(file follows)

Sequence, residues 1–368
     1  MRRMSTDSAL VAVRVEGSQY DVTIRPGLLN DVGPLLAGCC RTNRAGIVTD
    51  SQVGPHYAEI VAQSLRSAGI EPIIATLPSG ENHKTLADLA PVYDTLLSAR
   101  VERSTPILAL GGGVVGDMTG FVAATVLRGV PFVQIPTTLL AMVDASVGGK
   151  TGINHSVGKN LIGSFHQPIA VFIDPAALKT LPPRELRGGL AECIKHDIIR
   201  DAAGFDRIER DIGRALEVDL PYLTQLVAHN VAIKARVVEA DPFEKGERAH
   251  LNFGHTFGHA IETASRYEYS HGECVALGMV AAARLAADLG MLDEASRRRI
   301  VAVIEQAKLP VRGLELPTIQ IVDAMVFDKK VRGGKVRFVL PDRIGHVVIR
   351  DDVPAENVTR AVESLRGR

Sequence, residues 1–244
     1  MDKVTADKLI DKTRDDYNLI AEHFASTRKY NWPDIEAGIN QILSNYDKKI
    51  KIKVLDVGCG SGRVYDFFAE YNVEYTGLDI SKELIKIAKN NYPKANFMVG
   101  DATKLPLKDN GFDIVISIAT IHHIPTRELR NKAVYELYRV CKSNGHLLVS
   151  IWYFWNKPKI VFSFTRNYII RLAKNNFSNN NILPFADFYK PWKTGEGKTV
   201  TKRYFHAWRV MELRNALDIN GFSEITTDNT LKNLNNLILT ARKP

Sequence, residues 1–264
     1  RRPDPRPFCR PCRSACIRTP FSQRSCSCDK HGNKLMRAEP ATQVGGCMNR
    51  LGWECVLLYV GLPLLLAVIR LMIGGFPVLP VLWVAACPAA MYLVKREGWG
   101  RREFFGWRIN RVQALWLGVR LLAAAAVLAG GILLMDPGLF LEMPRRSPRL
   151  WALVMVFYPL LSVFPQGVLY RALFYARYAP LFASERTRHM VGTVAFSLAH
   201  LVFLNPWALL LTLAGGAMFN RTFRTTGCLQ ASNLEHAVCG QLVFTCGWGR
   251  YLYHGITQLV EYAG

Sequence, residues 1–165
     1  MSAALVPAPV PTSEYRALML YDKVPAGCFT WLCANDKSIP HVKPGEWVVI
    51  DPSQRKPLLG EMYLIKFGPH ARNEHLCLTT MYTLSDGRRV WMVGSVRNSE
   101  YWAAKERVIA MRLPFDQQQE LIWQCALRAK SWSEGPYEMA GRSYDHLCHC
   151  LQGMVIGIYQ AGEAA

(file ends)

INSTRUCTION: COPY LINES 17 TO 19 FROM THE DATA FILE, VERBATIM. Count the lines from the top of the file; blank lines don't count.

     1  RRPDPRPFCR PCRSACIRTP FSQRSCSCDK HGNKLMRAEP ATQVGGCMNR
    51  LGWECVLLYV GLPLLLAVIR LMIGGFPVLP VLWVAACPAA MYLVKREGWG
   101  RREFFGWRIN RVQALWLGVR LLAAAAVLAG GILLMDPGLF LEMPRRSPRL